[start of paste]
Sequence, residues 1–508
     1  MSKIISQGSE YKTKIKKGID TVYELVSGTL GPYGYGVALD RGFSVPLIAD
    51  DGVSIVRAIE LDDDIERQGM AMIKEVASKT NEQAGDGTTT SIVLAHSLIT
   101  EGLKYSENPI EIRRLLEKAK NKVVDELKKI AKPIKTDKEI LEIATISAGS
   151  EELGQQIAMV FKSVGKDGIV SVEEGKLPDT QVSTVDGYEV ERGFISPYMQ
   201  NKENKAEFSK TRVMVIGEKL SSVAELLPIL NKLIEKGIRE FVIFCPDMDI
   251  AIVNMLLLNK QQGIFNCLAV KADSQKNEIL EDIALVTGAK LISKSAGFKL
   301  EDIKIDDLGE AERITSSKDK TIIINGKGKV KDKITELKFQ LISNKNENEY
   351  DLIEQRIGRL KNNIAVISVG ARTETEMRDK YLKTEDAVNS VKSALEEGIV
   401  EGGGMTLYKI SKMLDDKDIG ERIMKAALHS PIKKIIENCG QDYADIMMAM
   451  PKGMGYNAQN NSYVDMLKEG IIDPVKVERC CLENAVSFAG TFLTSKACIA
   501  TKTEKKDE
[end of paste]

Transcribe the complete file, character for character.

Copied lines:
Sequence, residues 1–508
     1  MSKIISQGSE YKTKIKKGID TVYELVSGTL GPYGYGVALD RGFSVPLIAD
    51  DGVSIVRAIE LDDDIERQGM AMIKEVASKT NEQAGDGTTT SIVLAHSLIT
   101  EGLKYSENPI EIRRLLEKAK NKVVDELKKI AKPIKTDKEI LEIATISAGS
   151  EELGQQIAMV FKSVGKDGIV SVEEGKLPDT QVSTVDGYEV ERGFISPYMQ
   201  NKENKAEFSK TRVMVIGEKL SSVAELLPIL NKLIEKGIRE FVIFCPDMDI
   251  AIVNMLLLNK QQGIFNCLAV KADSQKNEIL EDIALVTGAK LISKSAGFKL
   301  EDIKIDDLGE AERITSSKDK TIIINGKGKV KDKITELKFQ LISNKNENEY
   351  DLIEQRIGRL KNNIAVISVG ARTETEMRDK YLKTEDAVNS VKSALEEGIV
   401  EGGGMTLYKI SKMLDDKDIG ERIMKAALHS PIKKIIENCG QDYADIMMAM
   451  PKGMGYNAQN NSYVDMLKEG IIDPVKVERC CLENAVSFAG TFLTSKACIA
   501  TKTEKKDE